Going Digital

Board games have, in my opinion, a tough time making the transition from their real-life counterparts to the digital realm. Screens don’t function the way that the world does. I’ve written about it before and probably will again, but the way we interact with touch-screen devices has been written about by many people who are much smarter than me a whole lot of times. To sum it up: we don’t interact with our iPhones the same way we do with a board game. So why does Upwords feel this much like a board game?

Just like Scrabble. Cheating is way harder on iPad.

Just like Scrabble, cheating is way harder on iPad.

Putting a letter on the board means I have to put my finger on a letter and slide it across the board until I get it in the tile I want it in. And replacing a letter requires grabbing the original from the board and sliding it back into the tray. All this tile manipulation is kind of monotonous.

And the board is huge. It’s fine on an iPad or iPad mini but on an iPhone, the game zooms in whenever you start making a move. Despite the screen’s Retina resolution, there’s just too many tiles to make out on a 3.5″ or 4″ screen. Again, the problem goes back to the game’s ties to its non-digital past. It’s hard to slide letters onto tiles when there’s 100 tiles on the screen; zooming it in alleviates that issue a little bit but it unfortunately doesn’t address the core problem.

You can thankfully turn the Vista-like warnings off.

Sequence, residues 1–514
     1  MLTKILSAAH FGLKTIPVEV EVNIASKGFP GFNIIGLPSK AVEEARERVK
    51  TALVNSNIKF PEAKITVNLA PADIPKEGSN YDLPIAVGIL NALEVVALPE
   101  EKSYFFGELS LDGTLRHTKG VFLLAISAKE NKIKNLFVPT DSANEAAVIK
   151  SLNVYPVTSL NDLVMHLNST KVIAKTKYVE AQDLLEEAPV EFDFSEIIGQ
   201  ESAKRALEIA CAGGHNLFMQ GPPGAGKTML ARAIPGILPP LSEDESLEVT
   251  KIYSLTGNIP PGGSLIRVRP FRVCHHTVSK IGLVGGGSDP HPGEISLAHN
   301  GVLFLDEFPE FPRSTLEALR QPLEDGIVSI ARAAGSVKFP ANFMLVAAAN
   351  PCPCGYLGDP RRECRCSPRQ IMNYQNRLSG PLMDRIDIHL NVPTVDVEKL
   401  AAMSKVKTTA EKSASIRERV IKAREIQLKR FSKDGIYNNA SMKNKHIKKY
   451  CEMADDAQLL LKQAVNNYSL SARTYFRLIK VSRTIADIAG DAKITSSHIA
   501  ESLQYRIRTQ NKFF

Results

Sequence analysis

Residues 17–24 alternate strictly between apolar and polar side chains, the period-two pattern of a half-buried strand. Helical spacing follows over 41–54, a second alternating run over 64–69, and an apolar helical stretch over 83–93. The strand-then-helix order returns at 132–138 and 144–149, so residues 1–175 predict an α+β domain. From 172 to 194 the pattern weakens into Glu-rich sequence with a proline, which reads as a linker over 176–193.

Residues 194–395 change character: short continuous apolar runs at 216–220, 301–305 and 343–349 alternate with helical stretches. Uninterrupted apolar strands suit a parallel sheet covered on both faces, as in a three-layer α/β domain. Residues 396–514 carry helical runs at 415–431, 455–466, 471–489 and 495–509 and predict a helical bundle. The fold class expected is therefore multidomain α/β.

You can thankfully turn the Vista-like warnings off.

Fixing this requires going all the way back to the drawing board and ditching pretty much every part of the game’s current design except the concept — which, to reiterate, is a lot of fun and a good brain-tease. Just because it’s a board game, it doesn’t have to look like its real-life counterpart. Again, look at Letterpress as a great example of digital letter games done right. I’m not saying Upwords should look like Letterpress, but that the developer should take some notes. Instead of wasting so much of the screen on graphically representing a real board, focus only on the letters. Let us tap on letters to manipulate them.

Undoubtedly, it’s easier to go this route with design. It’s easy for most people to pick up Upwords and know how to play because it’s “like” the real thing. That benefit quickly outweighs the fact that it’s just not an optimal experience for anybody.